The kitchen is progressing. Joe insulated the floor.
He boarded it too, but that took longer than expected. He discussed with us carefully whether to use tongue and groove boarding to get a tight fit between the boards – we don’t want crumbs to be feeding rodents out of sight! He thought plain boards would do the job, and they cost half the money, so we went for that. He said the only difference would be you can see the nail places in straight boarding, even after they’ve been filled. I don’t mind that. I’m a Christian. Nail marks have a special place in my heart.
Then Nick got in on the conversation later in the day and said straight boards wouldn’t do, they’d shrink. The novelists among you should pay attention to this. The opportunity to observe interactions such as this is the source of colour and texture in fictional narrative. All novelists benefit from travelling by public transport, eating in cafés and sitting in hospital waiting rooms, eavesdropping shamelessly. Anyway, Joe stood there with a section of tongue-and-groove in his hand, looking a bit uncertain, reluctant to commit us to an extra two hundred pounds (that’s $315 right now), but we bowed to Nick’s absolute certainty (Nick is absolutely certain about everything) and went for the tongue-and-groove. As Joe had all the timber on his van by this time, he had to go back and change it. When he got the tongue-and-groove back to our place and began to lay it, it came to light that about a third of what they’d given him was sub-standard, so he had to sort through carefully, keeping this and setting aside that to take back. Plus he wanted to use full lengths where he could for a pleasing finish, but use cut lengths where it didn’t show too much, to save money. So this wasn’t quick and easy. But by last night the floor was down.
Kevin said we needed some more paint, and showed me on the wall while Joe was fetching the replacement timber, how undercoat was grinning through. Hebe and I mutter amongst ourselves that this is because they insist on painting with a roller. Using a brush and determination Hebe got two coats on the chimney breast with just a sample pot. Anyway I said I’d go to Tunbridge Wells (where the shop is) for yet more mega-bucks Fired Earth paint. I’d promised to visit my beautiful mama in the afternoon, 3 o’clock, usual time. So I slogged over to Tun Wells, got the paint, stopped for a sandwich in the lovely Nutmeg Tree where all is comforting English tradition with fragrant teas and waitresses in frilly hats and aprons, then got back with the paint by twenty to three. I had to get a new network card (for rail travel discounts) which cost me £28 ($44) ouch! The ticket to Tun Wells was £12 ($18). The lowest qualifying price for the discount turned out to be £13 ($20). Sigh. The paint was £29 ($46 nearly). So I spent about £100 ($157) today!!! Double-sigh! Thank heaven for editing work tiding me over while I wait on the publisher frowning over the sales of present books before making a decision to publish (or not!) my next novel.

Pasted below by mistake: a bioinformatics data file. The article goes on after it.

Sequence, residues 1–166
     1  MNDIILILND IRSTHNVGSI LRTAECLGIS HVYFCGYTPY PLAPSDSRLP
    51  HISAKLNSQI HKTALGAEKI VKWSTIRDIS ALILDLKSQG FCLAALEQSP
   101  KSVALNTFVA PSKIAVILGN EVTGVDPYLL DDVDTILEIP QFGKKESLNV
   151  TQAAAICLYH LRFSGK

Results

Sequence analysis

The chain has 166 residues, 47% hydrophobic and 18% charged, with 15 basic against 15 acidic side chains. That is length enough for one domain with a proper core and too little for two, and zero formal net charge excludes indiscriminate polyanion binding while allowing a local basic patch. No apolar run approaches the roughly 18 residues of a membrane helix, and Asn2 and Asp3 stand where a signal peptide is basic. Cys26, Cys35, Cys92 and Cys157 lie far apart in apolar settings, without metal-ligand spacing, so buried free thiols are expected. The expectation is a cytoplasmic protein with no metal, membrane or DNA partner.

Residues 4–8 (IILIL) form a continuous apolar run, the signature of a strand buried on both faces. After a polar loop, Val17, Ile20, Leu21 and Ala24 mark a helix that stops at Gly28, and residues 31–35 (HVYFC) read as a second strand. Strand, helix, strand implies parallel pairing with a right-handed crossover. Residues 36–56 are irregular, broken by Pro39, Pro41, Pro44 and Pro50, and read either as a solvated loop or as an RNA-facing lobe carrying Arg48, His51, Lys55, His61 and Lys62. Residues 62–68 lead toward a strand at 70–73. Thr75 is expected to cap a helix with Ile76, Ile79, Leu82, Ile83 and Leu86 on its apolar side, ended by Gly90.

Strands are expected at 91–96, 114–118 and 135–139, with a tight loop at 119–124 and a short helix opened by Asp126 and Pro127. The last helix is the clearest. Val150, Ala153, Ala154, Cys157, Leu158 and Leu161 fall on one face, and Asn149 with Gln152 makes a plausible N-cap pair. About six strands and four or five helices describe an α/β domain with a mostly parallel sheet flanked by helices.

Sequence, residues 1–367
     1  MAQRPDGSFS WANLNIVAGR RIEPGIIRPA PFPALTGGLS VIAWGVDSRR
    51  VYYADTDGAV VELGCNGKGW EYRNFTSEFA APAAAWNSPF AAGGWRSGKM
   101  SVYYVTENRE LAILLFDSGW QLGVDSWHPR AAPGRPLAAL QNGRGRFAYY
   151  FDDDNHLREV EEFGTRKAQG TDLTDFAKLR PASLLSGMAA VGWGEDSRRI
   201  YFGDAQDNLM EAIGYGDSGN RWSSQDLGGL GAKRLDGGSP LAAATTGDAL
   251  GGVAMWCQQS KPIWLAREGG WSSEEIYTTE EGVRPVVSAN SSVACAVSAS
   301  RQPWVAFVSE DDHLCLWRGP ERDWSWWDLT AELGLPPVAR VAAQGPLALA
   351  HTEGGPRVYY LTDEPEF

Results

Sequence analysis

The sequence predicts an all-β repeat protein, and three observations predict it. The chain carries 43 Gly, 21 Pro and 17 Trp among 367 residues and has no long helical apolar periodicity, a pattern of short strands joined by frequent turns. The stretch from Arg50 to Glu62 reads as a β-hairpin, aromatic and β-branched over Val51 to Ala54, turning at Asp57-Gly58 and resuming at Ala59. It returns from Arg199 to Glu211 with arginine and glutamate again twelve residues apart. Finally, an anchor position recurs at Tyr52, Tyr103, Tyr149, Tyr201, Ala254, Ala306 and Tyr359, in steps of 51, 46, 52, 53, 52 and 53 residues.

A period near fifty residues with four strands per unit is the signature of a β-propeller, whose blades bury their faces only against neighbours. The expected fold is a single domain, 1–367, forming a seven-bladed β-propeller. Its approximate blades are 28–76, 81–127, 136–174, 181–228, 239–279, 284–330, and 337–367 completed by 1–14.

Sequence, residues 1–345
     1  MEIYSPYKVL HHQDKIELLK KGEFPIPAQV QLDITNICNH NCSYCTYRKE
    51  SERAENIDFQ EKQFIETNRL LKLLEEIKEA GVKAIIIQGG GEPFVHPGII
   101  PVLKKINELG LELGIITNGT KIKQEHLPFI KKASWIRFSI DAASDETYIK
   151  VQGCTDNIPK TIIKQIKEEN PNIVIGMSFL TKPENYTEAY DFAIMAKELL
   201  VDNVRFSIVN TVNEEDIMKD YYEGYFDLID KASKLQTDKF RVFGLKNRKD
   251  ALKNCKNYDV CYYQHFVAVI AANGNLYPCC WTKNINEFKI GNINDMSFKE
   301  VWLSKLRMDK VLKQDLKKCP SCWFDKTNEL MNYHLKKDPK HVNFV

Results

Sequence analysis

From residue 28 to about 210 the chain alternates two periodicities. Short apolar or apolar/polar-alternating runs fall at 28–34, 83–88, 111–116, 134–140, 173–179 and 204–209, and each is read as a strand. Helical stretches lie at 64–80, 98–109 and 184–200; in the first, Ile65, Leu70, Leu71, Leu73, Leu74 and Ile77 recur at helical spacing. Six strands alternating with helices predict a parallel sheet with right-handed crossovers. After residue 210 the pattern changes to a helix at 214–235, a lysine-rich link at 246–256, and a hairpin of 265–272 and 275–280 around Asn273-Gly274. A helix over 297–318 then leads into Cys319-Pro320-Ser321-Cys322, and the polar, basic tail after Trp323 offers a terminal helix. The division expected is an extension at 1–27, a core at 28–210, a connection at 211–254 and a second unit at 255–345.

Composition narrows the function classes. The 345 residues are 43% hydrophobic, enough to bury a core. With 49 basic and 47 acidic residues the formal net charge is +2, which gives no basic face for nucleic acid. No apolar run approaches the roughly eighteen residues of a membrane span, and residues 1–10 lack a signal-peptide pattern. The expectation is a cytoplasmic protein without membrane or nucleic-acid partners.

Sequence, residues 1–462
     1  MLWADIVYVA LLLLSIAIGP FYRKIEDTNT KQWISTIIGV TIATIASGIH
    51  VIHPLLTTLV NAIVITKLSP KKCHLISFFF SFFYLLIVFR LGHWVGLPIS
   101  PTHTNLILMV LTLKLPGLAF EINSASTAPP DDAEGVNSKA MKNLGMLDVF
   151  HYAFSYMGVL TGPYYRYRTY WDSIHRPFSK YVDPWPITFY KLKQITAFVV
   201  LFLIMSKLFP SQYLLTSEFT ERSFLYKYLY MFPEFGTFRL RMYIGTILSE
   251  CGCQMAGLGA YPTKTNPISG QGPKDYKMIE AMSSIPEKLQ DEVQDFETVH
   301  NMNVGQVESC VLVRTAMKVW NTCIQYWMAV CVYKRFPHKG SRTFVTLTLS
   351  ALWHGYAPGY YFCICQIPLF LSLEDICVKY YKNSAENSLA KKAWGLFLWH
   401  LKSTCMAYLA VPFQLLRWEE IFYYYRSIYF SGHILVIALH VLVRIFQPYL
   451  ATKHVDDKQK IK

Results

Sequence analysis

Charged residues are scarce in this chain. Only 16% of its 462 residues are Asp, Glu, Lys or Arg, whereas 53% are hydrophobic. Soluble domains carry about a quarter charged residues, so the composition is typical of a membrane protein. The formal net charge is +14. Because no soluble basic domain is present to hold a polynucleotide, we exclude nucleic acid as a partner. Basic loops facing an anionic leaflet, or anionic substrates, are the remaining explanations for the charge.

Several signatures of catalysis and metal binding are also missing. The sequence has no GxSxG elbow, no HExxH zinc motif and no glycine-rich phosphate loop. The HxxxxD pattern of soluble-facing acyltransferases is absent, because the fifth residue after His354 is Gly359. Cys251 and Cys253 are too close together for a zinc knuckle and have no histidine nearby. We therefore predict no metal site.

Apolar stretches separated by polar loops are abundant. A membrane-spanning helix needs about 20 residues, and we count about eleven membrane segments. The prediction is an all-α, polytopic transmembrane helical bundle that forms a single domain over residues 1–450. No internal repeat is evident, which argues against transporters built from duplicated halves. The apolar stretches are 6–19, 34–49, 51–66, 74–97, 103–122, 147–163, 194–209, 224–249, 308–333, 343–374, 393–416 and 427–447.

When I got back four hours later I took the paint to the kitchen. Joe glanced at it. Kevin had gone – he drives the bus for the old people in the afternoon. “Thanks,” says Joe. “I think we had enough in the tin, but that’ll probably come in handy.” He’s lucky he didn’t die right then.
By the time I left the house I was just early and late enough to reach the end of the road with a clear view of the 304 bus sailing by on its way to Mama’s village out in the country. The No 5 was due in 15 minutes, but it didn’t turn up. In a hurry, I hadn’t stopped for my coat, and as the day grew toward dusk it was beginning to freeze. I could see my breath like a dragon. I waited ages for the bus, but no luck. The Badger had to go back up to Oxford, but he is kind to me. Before he went, he took me out to Battle in his car, took Mama’s car and put gas in it for her (the pumps defeat her), shared a cup of tea with us, and took me home – this adding 45 minutes driving around to his already 3 hour drive back to Aylesbury. My Badger is a sweetheart.
It was a full day, we were tired, Hebe had been cutting granite all day at the masonry, the night was cold – but we enjoyed a big plate of baked beans, cabbage and carrots, and (forbidden dairy, what the hey) macaroni cheese for supper by the fireside, the happiest people on earth.
Today? Perhaps I’ll tell you about today tomorrow. It includes getting that tiny toolbox in the post to you, Deborah, because I didn’t manage to fit that in yesterday. xxx
365 Day 31 (if you don’t know what I’m talking about, see here)
Every month I write a column in this magazine, so they send me a freebie copy. The deadline for April’s is tomorrow as it happens, so I’ll be writing an Easter article today. It’s only a little column, 290 words, on living in Gospel simplicity. The reason I included the magazine in my 365 throw-out is really to do with disposing of things mindfully. Because when I’ve read it I don’t put it out with the recycling bin – ooh, that reminds me, dustbin collection today! Any magazines I have, including this one, I keep in good condition, reading them quickly so I can pass them on before they are out-of-date for someone else to read. If I can’t think of anyone who would like them, I give them to the surgery waiting room. This magazine, Woman Alive, I usually put through my next door neighbour’s door, as she is also a Christian.
And that’s January gone!